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Why Tax Time is the Right Time to Talk Charitable Giving

Eight tips to start the conversation with your clients

With the deadline to file 2019 federal tax returns extended to July 15, tax season is still upon us, and it's the perfect time to talk with your clients about charitable giving.

While clients are filing 2019 taxes, you have a chance to help them consider how charitable giving affects how much they owe the IRS or will see in tax refunds. What you learn together can provide a foundation for a strategic charitable giving plan that could improve their tax situation for 2020. While your clients may not be thinking about next year's taxes yet, you should be.

Here are eight tips to start the conversation about charitable giving:

  1. Don’t hesitate to bring it up. You may be like many advisors who worry it’s not your place to discuss charitable giving. But doing so allows you to cultivate broader and deeper relationships with your clients by helping them explore their values.

  2. Remember that while you can help clients consider the best vehicles or timing for giving from a tax perspective, their underlying motivations to give likely run deeper. Delving into why they give and what causes they care about can result in a more meaningful giving plan.

  3. Start with some simple questions: Is your client engaged in giving? What motivates them: tax benefits, a cause, relationships, something else?

    Questions can open a dialogue that allows you to help them accomplish their charitable giving strategically. (See more on how to talk with your clients about philanthropy.)

  4. If your client is already donating cash, explore whether making gifts through publicly traded securities, like stocks, bonds and mutual funds, could reduce their taxes. Keep an eye on their portfolio to help them seize opportunities where low cost-basis securities have appreciated.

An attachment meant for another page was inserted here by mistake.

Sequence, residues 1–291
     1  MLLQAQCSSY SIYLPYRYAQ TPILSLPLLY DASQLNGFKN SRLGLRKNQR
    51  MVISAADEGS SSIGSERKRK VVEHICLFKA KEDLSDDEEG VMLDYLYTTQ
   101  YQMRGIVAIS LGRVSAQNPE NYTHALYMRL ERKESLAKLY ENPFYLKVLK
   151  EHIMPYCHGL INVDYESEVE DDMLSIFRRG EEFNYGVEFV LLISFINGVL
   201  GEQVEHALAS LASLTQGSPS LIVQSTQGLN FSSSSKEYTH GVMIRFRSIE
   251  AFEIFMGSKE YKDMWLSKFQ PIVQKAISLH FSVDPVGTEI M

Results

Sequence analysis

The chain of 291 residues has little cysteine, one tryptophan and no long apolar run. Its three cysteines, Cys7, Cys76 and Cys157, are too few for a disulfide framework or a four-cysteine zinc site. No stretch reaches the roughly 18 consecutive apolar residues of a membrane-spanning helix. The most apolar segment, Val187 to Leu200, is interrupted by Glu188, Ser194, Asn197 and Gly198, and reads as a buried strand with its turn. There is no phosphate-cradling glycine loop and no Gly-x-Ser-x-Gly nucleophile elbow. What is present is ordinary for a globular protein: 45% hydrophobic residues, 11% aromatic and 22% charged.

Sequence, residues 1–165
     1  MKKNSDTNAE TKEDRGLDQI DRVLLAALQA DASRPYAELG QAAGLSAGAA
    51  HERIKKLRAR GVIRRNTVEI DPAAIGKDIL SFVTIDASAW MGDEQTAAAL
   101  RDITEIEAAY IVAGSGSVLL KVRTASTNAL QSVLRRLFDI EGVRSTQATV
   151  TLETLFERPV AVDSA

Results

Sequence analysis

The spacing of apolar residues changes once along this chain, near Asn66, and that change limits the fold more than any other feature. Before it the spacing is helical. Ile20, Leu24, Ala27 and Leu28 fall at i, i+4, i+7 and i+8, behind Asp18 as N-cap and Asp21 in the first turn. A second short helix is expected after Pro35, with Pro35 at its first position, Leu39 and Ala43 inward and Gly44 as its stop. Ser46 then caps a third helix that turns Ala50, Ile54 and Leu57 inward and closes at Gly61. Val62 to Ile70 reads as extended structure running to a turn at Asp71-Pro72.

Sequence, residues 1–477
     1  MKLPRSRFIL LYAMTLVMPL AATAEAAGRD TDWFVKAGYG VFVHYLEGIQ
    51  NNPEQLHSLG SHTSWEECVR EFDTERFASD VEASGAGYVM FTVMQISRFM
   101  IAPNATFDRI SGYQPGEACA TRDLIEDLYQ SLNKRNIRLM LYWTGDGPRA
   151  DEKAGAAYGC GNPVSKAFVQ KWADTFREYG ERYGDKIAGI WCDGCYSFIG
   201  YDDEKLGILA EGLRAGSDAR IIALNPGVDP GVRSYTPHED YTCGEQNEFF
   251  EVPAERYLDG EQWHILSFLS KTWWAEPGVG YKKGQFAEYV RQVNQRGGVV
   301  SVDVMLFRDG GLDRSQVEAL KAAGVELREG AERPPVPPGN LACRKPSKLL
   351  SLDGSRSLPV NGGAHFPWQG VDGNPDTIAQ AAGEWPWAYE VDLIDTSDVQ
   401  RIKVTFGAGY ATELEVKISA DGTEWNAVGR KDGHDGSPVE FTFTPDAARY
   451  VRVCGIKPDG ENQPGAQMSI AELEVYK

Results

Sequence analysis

5. If your client does a lot of year-end giving through publicly traded securities, help them evaluate how these types of gifts could factor into a broader tax planning strategy.

  6. If your client made donations last year but didn’t qualify for an itemized deduction, consider bundling gifts, also known as gift bunching. The 2017 tax law made it harder for people to reach the threshold amount necessary to itemize their charitable deductions. Bundling gifts allows clients to stack several years of their giving into one year rather than spreading it out over multiple years.

    For example, opening a donor advised fund will enable clients to stack their giving into one year for tax purposes, but then distribute that money to charity over multiple years.

  7. If your clients are 70-and-a-half years old or older, they may consider taking advantage of the Qualified Charitable Distribution, or charitable rollover, from their Individual Retirement Account (IRA). Taxpayers in this age group may transfer up to $100,000 annually from their IRAs directly to charity without being subject to income tax on that transfer. Once clients turn 72 and are subject to a Required Minimum Distribution (RMD) from their IRA, charitable rollovers may help them avoid income taxes on those distributions.

  8. Reach out to a local community foundation like the Saint Paul & Minnesota Foundation as a resource. Our gift planners will chat on the phone or meet in person with you, your clients, or all of you to help explore giving options. They are experts in our community’s needs and giving landscape. They focus on relationships, not just transactions, and will work with individuals, couples or families.

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